Dear Amy: Being a mother to boys is tough! Why is it that having male children puts us in second place all of the time?
I have three sons and get very sad when it comes to the holidays.
Why is it that daughters-in-law feel that their side of the family is more important than their husband’s side of the family?
There have been numerous occasions when we don’t get to see our sons and grandchildren because the other side comes first.
Sign Up and Save
Get six months of free digital access to The Fresno Bee
Do they think that their family loves them more or has worked harder to bring them up than the parents of boys? These are the same women who, when dating, were always around and could not have been nicer. The only exceptions I have seen are when the parent of the girls is not in the picture, either due to distance, death or estrangement.
Dear Mom: I agree that this is a real phenomenon, and I will try to explain it. Daughters-in-law are oriented toward their families of birth – not necessarily to punish their husbands’ parents, but because they have known their own parents for their whole lives.
This orientation toward their own parents and its impact on the couple starts with the wedding and continues through pregnancies and then on to the birth of their children. Men are often marginalized during these important life events, and their parents are also pushed aside. Traditionally, the wife/mother controls the children’s schedules. Because the woman’s own mother has been intimately involved in the kids’ lives from the start, there is a bond between them that the younger mother actively fosters and values.
I don’t think any of this is fair, but it seems to be the default position of many families. However – if your sons work hard to be involved fathers and sons, building close and loving relationships with their children and with you, then they will advocate for the children to spend time with their folks during holidays and other occasions.
This balance is shifting as the “traditionally” assigned roles of parents changes (thank goodness), but it might take a generation for parents of sons to see the impact of this change.
Dear Amy: My oldest brother is estranged from the rest of us, but we have been able to keep things relatively civil. In the past two years, with our mother’s declining health, he has grown more belligerent and distant.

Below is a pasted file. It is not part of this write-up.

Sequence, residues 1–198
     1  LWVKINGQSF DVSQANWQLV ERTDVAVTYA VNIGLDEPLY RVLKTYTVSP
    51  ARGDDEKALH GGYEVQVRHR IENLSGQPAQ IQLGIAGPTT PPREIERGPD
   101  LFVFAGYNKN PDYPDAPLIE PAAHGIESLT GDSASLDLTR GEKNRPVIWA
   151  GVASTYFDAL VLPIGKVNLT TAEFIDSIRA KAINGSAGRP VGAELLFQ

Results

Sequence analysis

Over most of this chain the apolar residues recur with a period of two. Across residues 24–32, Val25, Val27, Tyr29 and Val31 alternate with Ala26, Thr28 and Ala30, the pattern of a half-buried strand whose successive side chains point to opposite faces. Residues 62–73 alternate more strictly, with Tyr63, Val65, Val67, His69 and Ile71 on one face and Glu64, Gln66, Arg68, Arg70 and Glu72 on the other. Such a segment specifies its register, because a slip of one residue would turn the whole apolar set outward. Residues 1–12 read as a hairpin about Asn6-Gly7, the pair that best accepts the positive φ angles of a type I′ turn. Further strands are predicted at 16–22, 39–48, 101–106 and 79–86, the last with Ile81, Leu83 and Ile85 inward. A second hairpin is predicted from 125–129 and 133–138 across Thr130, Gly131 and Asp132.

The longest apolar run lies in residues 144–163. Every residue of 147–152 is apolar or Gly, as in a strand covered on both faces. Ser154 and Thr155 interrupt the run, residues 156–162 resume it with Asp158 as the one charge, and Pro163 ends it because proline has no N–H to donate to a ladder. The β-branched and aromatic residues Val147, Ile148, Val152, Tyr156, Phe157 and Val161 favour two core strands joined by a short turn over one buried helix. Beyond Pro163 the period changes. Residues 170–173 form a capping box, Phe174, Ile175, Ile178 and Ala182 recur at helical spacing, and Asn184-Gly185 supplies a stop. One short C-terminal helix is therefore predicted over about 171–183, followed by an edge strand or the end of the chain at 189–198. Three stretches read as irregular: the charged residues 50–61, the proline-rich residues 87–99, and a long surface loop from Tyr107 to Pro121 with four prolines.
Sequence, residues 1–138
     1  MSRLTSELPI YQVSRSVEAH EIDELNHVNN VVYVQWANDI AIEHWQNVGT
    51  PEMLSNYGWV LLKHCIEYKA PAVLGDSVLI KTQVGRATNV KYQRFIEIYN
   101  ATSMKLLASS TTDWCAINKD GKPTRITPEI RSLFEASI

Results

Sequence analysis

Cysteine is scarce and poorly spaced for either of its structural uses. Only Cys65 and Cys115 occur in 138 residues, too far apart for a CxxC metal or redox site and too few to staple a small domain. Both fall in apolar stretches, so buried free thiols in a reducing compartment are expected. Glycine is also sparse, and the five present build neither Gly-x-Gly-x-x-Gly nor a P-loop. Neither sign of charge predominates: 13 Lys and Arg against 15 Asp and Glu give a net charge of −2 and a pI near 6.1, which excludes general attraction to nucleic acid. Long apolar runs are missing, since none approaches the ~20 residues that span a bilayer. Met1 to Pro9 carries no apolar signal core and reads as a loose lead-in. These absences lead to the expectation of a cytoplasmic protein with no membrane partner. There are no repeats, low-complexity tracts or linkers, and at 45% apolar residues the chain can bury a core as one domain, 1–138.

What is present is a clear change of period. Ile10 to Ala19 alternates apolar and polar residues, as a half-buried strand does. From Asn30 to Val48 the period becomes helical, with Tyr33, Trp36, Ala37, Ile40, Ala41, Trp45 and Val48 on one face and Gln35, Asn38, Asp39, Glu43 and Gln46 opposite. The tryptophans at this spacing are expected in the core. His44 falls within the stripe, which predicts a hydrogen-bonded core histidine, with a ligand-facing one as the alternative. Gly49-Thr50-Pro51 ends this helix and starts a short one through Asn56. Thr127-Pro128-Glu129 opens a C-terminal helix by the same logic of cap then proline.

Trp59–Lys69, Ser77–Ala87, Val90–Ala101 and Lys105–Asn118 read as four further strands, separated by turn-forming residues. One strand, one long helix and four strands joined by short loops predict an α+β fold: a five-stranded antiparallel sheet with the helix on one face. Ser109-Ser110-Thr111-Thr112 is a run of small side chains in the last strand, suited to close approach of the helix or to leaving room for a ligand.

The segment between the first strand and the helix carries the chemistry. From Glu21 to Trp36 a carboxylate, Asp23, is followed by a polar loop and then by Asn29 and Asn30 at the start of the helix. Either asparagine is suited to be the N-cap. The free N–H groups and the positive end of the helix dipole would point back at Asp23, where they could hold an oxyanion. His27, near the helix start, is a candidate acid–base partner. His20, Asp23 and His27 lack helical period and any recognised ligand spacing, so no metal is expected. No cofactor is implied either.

We have moved our mother into a wonderful assisted-living facility. Our brother has voiced his desire to have nothing more to do with any of us and has threatened to stop visiting her.
We are planning for our mother’s eventual funeral. How should we handle this? None of us want him or his family with us during the funeral. Lots of bad blood, burnt bridges and hurtful things have been said by all sides.
Do we include him and his family and treat him as a “family acquaintance,” include him as family or completely exclude him?
He might be hurtful and unpleasant. I’m hoping our mother lives for another 10 to 20 years, but we are just planning for the eventuality of her death.
Can you provide some guidance?
Confused and Hurt
Dear Confused: You seem to be hoping that you can alleviate the impact of this dysfunctional sibling relationship by planning an exclusion. I think you should stop paying so much attention to him.
Planning to keep your brother away from your mother’s funeral would throw additional weight onto this relationship. Unless you plan a strictly private affair and hire security, you cannot necessarily dictate who attends a funeral.
If he chooses to stay away during the final years of her life, then he will likely only learn about your mother’s death through a public obituary. It would be hard for him to ruin an event if you didn’t even care whether he showed up. Let the consequences of his choices fall upon him – not you.
Dear Amy: You responded to “Worried in Wisconsin” about the possible consequences of her older husband choosing to fix their roof.
I fell years ago installing Christmas lights and never went back up. I got lucky and landed in a large azalea bush. A friend in Las Vegas fell this year and nearly died. He is still in recovery. Please warn your readers again!
Dear Lucky: According to the CDC, the No. 1 leading cause of injury death in Americans over 65 is “unintentional fall.” None of the more than 25,000 people who died in 2013 intended to fall, or die of a fall, and yet the statistics are clear.
Email Amy Dickinson at email@example.com.